A pub in Glasgow has been ordered by a court to pay the Football Association Premier League (Football Association) for copyright infringement, damages and costs after using foreign feeds to screen premier league football matches.
The streaming of live matches in pub has been in the news over the past few years, as several landlords have been called out for streaming live matches using foreign internet feeds or European digi-boxes which, whilst legal for individuals (following a legal dispute surrounding a pub in Portsmouth), are illegal when used in commercial premises.
The Football Association has taken legal action against numerous pubs across Scotland, reportedly sending 31 letters before action, with a stated intention to prevent deals brokered with Sky Sports and BT Sport in 2015 for coverage of top flight football matches being undermined. Sky and BT paid billions of pounds for the rights to broadcast the matches over a three year period.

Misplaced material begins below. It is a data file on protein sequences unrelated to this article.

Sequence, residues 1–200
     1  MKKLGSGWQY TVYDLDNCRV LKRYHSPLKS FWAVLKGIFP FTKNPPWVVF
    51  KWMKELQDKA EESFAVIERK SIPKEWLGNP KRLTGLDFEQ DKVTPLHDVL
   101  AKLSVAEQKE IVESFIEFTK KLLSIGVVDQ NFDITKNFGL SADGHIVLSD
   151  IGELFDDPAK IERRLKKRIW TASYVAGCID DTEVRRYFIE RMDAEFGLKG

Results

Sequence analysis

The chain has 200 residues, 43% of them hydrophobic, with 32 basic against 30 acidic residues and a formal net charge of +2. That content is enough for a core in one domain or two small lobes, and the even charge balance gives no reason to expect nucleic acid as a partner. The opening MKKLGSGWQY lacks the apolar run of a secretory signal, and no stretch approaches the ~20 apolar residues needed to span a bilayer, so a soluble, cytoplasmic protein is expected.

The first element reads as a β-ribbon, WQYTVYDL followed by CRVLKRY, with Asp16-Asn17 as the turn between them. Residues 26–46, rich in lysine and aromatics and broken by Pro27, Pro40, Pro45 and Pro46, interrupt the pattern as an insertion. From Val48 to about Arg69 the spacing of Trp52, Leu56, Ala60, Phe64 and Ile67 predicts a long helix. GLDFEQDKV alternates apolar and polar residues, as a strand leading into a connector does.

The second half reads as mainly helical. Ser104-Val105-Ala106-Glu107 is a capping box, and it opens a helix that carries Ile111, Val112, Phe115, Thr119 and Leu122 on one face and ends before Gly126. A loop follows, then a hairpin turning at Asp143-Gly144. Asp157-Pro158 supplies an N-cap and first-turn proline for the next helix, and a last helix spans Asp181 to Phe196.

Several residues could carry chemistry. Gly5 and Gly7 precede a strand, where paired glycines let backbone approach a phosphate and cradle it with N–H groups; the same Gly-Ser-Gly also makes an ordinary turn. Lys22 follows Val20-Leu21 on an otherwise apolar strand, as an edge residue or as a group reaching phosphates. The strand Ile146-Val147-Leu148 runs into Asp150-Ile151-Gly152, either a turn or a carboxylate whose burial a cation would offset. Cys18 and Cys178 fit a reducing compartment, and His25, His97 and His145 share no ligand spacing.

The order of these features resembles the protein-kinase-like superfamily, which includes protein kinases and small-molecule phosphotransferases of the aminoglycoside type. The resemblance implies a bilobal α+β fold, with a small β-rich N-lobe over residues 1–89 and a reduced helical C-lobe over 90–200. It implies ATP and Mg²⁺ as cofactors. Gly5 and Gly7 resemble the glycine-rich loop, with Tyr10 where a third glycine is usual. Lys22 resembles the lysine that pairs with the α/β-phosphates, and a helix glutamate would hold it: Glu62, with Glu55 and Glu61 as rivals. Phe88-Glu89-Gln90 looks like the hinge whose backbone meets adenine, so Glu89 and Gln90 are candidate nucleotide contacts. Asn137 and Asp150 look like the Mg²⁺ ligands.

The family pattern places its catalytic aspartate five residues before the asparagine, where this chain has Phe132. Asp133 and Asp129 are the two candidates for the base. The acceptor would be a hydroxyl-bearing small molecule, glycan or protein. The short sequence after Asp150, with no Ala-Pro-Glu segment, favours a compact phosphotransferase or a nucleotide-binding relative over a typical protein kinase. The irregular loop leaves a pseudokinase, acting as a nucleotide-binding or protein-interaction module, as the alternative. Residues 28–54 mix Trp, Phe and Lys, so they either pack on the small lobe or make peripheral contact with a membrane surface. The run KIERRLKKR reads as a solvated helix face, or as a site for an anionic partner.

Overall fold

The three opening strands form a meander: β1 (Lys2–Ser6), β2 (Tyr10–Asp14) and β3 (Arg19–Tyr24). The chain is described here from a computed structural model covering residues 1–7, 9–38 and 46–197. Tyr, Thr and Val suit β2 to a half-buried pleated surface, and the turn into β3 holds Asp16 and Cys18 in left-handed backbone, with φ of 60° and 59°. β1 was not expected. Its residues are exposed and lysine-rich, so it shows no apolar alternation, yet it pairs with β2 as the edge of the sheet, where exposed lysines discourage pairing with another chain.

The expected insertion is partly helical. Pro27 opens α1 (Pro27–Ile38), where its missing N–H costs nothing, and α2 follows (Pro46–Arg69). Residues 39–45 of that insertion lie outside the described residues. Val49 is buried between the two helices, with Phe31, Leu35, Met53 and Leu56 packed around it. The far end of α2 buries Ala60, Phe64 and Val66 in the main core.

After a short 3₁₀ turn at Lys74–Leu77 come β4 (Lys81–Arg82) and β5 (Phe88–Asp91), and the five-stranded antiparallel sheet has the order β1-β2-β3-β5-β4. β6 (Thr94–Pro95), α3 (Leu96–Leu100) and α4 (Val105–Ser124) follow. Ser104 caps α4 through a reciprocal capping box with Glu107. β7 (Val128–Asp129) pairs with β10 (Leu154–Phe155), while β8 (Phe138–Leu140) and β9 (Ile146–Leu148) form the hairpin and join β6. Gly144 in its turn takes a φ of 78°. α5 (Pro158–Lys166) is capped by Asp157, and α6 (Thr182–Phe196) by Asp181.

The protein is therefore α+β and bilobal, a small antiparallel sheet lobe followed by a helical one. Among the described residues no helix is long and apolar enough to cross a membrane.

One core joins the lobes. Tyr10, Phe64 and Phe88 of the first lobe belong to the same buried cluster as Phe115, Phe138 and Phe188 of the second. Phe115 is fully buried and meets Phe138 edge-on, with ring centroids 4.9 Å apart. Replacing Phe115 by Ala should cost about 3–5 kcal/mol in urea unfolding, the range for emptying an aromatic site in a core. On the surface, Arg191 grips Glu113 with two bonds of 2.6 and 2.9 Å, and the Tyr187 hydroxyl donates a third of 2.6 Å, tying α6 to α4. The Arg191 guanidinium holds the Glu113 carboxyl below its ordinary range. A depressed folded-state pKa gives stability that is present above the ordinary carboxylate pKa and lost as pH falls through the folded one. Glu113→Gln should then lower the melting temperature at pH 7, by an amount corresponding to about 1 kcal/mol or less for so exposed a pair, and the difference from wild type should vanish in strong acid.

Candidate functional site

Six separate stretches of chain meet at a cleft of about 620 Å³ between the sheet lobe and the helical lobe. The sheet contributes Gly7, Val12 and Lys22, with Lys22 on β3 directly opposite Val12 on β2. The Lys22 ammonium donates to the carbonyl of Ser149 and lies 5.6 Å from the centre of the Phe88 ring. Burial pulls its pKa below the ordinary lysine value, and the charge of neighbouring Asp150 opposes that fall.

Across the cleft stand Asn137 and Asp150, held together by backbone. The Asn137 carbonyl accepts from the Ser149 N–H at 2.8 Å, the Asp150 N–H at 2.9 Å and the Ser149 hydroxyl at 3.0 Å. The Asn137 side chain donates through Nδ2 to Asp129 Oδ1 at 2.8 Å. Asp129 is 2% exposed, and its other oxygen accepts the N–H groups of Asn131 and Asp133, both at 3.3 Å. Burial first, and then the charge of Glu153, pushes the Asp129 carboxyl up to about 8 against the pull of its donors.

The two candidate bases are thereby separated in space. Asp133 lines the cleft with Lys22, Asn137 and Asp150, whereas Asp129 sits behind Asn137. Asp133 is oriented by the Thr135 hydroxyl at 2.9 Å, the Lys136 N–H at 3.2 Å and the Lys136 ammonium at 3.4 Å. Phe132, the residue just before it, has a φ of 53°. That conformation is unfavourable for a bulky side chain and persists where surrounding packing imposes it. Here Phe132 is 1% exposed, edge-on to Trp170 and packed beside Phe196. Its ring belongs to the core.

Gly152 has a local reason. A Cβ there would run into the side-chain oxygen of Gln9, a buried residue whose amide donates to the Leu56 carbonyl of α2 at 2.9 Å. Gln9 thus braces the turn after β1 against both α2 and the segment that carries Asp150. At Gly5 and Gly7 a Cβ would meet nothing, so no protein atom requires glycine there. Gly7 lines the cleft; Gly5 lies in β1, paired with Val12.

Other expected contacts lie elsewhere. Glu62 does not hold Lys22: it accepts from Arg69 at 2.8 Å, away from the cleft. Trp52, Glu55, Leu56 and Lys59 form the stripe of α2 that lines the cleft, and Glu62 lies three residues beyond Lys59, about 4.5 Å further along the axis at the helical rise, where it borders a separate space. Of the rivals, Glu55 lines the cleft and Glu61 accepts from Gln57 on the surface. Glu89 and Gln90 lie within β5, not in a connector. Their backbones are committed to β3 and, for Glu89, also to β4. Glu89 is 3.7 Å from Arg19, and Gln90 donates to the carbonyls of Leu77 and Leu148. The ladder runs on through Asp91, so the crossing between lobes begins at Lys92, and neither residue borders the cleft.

Letter before action
A letter before action is a letter, usually sent by instructed lawyers, setting out what rights have and are being infringed and is intended to give the infringer a chance to resolve a dispute and cease infringement prior to formal legal action, or litigation. In the present case, the landlord did not response and in absence of any response the court made an order against them.
If you are in receipt of a letter before action and are unaware of your rights or where you stand in respect of the dispute it is always advisable to consult a solicitor at the earliest possible time in order to avoid compromising the strength of your position commercially, or to minimise exposure.
McDaniel and Co. regularly draft and respond to letters before action. If you would like more information on this or any of the other issues raised in this article please do not hesitate to contact the team at McDaniel and Co. on 0191 281 4000 or by email at email@example.com: Case Law, Copyright, News